The Sovereignty of Good, Paperback Book
5 out of 5 (2 ratings)


Iris Murdoch once observed: 'philosophy is often a matter of finding occasions on which to say the obvious'.

What was obvious to Murdoch, and to all those who read her work, is that Good transcends everything - even God.

Throughout her distinguished and prolific writing career, she explored questions of Good and Bad, myth and morality.

The framework for Murdoch's questions - and her own conclusions - can be found here.


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The nature of goodness is an issue today in the writings of Iris Murdoch. The Sovereignty of Good includes three essays by her. In reading her essay, "The Sovereignty of Good over other concepts", I found her returning to the allegory of the cave and the metaphor of the Sun that I first read in Plato. Murdoch claims that "'Good is a transcendent reality' means that virtue is the attempt to pierce the veil of selfish consciousness and join the world as it really is." (p 91) For Murdoch this is a claim that Art is the way that humans can reach this unity in that,"The mind which has ascended to the vision of the Good can subsequently see concepts through which it has ascended (art, work, nature, people, ideas, institutions, situations, etc.) in their true nature and in their proper relationships to each other." (p 92)The discussion of the good by Iris Murdoch reconsiders this and other themes found in Marcus Aurelius and Plato. It is a difficult but worthwhile read.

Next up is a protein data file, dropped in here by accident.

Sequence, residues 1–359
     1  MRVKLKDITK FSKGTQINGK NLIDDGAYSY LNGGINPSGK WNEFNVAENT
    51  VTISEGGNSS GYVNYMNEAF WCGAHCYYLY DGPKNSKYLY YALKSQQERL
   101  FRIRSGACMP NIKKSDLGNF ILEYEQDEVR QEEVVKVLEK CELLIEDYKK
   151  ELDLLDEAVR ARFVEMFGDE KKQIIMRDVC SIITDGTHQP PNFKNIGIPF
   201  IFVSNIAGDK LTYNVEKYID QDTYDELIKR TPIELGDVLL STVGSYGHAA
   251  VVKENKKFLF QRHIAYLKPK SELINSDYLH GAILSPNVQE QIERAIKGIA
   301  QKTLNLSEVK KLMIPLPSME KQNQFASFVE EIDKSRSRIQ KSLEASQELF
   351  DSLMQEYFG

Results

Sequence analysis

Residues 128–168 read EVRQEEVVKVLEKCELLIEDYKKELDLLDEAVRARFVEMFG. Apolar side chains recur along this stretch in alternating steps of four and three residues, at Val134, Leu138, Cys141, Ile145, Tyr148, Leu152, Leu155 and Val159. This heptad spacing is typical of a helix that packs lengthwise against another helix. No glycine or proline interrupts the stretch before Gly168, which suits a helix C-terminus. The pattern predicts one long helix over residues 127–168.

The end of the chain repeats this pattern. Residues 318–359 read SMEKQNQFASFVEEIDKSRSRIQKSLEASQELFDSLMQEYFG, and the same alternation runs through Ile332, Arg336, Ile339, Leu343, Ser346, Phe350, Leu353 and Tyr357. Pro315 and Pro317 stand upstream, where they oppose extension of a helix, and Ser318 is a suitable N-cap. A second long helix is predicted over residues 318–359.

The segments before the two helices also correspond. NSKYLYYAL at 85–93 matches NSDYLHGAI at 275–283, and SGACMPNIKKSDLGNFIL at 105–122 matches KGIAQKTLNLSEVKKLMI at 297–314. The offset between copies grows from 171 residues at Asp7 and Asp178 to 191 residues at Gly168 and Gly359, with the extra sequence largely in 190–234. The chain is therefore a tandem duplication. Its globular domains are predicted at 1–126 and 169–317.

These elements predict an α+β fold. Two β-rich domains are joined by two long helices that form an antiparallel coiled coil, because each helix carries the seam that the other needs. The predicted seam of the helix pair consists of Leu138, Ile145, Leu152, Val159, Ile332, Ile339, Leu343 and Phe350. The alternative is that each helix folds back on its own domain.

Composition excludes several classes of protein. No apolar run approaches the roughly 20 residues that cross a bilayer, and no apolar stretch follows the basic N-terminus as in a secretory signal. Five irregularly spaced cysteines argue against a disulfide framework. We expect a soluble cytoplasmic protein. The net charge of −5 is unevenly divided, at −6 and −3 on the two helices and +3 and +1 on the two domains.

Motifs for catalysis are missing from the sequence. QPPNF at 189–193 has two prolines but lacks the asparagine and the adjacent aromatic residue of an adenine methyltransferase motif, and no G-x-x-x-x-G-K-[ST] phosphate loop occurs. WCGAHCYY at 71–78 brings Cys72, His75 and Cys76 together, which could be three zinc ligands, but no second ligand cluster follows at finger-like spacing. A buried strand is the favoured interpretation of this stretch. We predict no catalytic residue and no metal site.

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Iris Murdoch's collection <i>The Sovereignty of Good</i> comprises three chapters originally published separately as academic papers: "The Idea of Perfection", "On 'God' and 'Good"", and "The Sovereignty of Good Over Other Concepts". The three essays, taken together, give a concise introduction to this author's iconoclastic views on moral philosophy. Murdoch characterizes modern moral philosophy as "existentialist", denying the existence of subjective mental experience that can be accessed by introspection and reducing all moral action to the arbitrary exercise of will. There are good reasons for this existential turn in modern philosophy, of course - an earlier generation of philosophers tended to overvalue the importance of intentions and subjective experiences, and eliminating such concepts from philosophy helps to solve some of the problems generated by Descartes's famous <i>cogito</i>. Yet a philosophy which dismisses as illusory all interior mental experience seems far removed from the intuitions of actual people; for Murdoch, such a philosophical system fails either to correspond to reality, to hold scrutiny as an intellectual argument, or to produce a guide to moral behaviour worth following.As an example of what she means, Murdoch proposes the thought experiment of a woman who harshly judges her daughter-in-law (believing, for example, that the younger woman is childish, uncultivated, and unworthy of her son). Suppose, however, that the mother-in-law later comes to regret her hasty judgment and realizes that the negative qualities she perceived in her daughter-in-law were merely the creation of her own unconscious prejudices. If the mother-in-law never gives away her dislike by any outward action, it is hard to say how an "existential" moral philosopher could have anything to say about the situation at all, since the mother-in-law's change of heart takes place entirely in an inward realm whose existence the philosopher denies. Yet such situations clearly belong to the realm of moral philosophy, and the average person would have little difficulty describing what would have happened: the woman learned to view her daughter-in-law through the lens of charity. For Murdoch, a satisfactory account of moral philosophy needs to include a concept of moral perfection (the "Good") to which our activity is directed, and must have a place for the virtue of love.Murdoch's account is inspired by Platonic ideas (she likens her concept of the "Good", for instance, to the sun in Plato's famous allegory of the cave). The Good is ultimately unknowable because no human can look at it directly, even as we orient our actions by it; perfection is only an ideal to strive for, never something actually realized in this life. Her use of Plato is not uncritical, however, and many readers will be surprised by her flat insistence on the impossibility of traditional theistic belief; the third essay takes it as axiomatic that humans have no <i>telos</i> or overarching goal to which they ought to orient themselves. This is all the more surprising because her account of a transcendent, perfect ideal of "the Good" would seem to harmonize with the traditional theistic understanding of morality as grounded in the divine nature. One suspects that, like her model Simone Weil, Murdoch found her way to an unconventional sort of belief in God despite her inability to affirm religious beliefs in their traditional form.Brevity is a virtue for the philosopher, and <i>The Sovereignty of Good</i> gives the reader much to think about in its 101 pages. Readers should probably have some background in analytic philosophy (a basic acquaintance with Wittgenstein would be particularly helpful), but the language is sufficiently clear to be comprehensible to a non-philosopher like this reviewer. The first essay, which sets the stage for the two that follow, is also the longest and most difficult; anyone who finds the book initially difficult should persevere, since the remainder of the book is somewhat easier going and will clarify some of the points made previously.

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